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What Should We Teach Students About Drugs?

It seems that students in Riverside, Calif. and across the nation are educated about drugs and alcohol every year. But how effective are these lessons? After all, more people are being admitted to drug rehab centers than ever before, despite the horrifying lessons in school that essentially teach: “drugs are bad and will kill you.”

This type of education unfortunately ignores many of the subtleties of addiction. After all, almost every teen in high school thinks he or she is invincible and immune to the consequences others may experience.

A recent article on Vice decried this type of education, instead insisting that students would be much better off learning specific negative outcomes that are associated with substance abuse—like how long-term use of LSD can “lead to depression, anxiety and flashbacks.” By teaching students about specific consequences of abuse that may seem more “real” than a vague threat of death and doom, teachers may be able to better prevent substance abuse.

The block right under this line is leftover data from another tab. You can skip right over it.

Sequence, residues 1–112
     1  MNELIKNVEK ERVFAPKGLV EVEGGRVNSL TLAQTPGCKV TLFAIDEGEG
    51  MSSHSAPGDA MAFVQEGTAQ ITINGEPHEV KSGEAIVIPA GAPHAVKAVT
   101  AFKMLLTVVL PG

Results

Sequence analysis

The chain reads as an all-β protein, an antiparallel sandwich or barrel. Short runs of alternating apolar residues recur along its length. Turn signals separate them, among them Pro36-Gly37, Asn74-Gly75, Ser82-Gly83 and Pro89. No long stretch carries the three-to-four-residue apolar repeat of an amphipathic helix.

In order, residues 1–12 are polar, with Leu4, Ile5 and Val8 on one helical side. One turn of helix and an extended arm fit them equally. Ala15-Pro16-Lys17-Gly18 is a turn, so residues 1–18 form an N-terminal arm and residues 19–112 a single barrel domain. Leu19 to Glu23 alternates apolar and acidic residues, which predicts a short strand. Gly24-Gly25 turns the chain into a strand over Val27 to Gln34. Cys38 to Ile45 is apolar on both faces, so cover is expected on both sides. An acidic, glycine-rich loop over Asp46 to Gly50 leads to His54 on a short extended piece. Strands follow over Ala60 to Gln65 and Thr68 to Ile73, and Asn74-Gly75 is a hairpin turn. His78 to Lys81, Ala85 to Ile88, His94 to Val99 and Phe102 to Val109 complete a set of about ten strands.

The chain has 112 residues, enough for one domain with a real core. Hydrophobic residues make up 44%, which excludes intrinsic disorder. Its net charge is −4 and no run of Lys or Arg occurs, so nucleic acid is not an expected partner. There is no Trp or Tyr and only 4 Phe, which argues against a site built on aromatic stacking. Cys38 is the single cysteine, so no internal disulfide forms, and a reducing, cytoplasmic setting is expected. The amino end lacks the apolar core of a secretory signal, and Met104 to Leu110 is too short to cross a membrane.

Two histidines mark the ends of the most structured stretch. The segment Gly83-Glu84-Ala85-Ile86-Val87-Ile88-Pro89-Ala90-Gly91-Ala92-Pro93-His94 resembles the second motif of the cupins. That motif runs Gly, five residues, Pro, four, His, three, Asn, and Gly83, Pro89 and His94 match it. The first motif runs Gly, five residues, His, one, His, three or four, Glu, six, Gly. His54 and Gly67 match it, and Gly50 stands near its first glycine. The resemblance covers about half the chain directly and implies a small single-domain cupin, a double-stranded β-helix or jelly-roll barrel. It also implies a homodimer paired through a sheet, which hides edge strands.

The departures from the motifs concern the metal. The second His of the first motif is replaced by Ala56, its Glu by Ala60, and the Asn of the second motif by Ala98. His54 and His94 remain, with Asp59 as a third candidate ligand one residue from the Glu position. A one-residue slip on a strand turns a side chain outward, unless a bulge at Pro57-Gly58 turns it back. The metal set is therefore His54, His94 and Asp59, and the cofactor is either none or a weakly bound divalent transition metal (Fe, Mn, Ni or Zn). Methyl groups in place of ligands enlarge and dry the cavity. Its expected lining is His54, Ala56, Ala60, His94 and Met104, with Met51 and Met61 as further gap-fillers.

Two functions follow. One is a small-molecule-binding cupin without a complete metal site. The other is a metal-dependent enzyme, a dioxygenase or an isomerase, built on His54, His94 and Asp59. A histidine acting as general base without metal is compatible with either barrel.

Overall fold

Another argued point is that it is important that students understand that those in Riverside and elsewhere who require treatment in drug rehab centers are not inherently bad people—they have simply made some poor choices and need medical help.

By removing some of the stigma associated with drug abuse and teaching teens about real consequences, educational systems can ideally do a great deal more to prevent future drug abuse from occurring.

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